Russia plans to put a mine on the Moon to help boost energy supply

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Russia has staked out plans to recapture its Soviet-era space-race glory and start mining the Moon for a promising energy resource that scientists say could meet the Earth's power needs for more than a thousand years.

Nikolai Sevastyanov, head of Russia's giant Energia Space Corporation, has unveiled plans to build a permanent base on the Moon within a decade and to start mining the planet for helium 3, a sought-after isotope, by 2020.

The idea would be to use helium 3 to power thermo-nuclear power stations, harnessing its potency to achieve nuclear fusion.

The technology to exploit helium 3 is still under development, but it has been touted by a significant academic school of thought as "the ideal fuel of the future" with several countries expressing interest. The race is now on to be the first to make it work.

Russian scientists have come up with the idea of using "lunar bulldozers" to heat the Moon's surface in order to get at the resource, and Mr Sevastyanov has told an academic conference that Moscow is keen to institute regular cargo flights of helium 3 back to Earth as soon as possible.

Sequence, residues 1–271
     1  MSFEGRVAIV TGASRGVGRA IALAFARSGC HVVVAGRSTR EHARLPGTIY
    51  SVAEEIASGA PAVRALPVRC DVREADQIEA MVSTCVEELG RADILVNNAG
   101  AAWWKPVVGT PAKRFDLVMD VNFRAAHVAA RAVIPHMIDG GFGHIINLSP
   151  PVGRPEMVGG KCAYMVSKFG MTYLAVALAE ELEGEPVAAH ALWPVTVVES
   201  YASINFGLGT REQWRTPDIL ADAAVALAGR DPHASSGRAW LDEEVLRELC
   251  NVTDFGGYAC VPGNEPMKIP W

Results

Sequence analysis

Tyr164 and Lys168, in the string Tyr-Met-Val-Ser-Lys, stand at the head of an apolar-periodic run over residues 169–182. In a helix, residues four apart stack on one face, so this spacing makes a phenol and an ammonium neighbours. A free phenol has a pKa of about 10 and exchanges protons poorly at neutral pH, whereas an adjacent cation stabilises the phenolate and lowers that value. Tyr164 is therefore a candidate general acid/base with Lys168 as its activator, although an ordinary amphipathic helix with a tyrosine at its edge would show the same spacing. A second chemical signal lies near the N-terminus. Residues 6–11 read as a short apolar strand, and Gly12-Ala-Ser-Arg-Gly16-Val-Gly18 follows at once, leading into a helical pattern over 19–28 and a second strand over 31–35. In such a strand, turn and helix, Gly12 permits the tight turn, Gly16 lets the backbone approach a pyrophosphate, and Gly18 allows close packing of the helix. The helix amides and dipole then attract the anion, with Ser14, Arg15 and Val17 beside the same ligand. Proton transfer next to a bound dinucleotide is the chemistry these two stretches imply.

His heavily state-controlled firm, one of the most powerful in the Russian space sector, is already drafting plans to turn the base and mining proposals into reality. Russia's new space shuttle Klipper would play a significant role in the project, as would the International Space Station.

"We are planning to build a permanent base on the moon by 2015 and by 2020 we can begin the industrial-scale delivery ... of the rare isotope helium 3," Mr Sevastyanov said.

"The Earth's known hydrocarbon reserves will last mankind 50 to 100 years at the present rate of consumption. There are practically no reserves of helium 3 on Earth. On the Moon, there are between one million and 500 million tons, according to estimates." Much of those reserves are reported to be in the Sea of Tranquillity.

Mr Sevastyanov predicted that nuclear reactors capable of running on helium 3 would soon be developed and said that just one ton of the isotope would generate as much energy as 14 million tons of oil.

"Ten tons of helium 3 would be enough to meet the yearly energy needs of Russia," he added. However, Russia is not the only country interested in the technology. American scientists have expressed interest in helium 3, arguing that one shuttle-load of the isotope would be sufficient to meet US electrical energy needs for a year.

During the Cold War the space race had more to do with prestige but in an era when the world has become acutely aware of the finite nature of its resources, a new 21st-century race is developing with a very different aim: to secure a new source of energy for future generations. Helium 3's chief advantage is that it is not radioactive, so there would not be a problem disposing of it once it had been used.

But it is not without its sceptics, who argue that it will be too costly and impractical to develop.

The Russian cabinet earmarked £6.1bn last year to restore its cash-starved space agency to its former Soviet glory but whether that is enough to begin realising plans to mine helium 3 remains to be seen.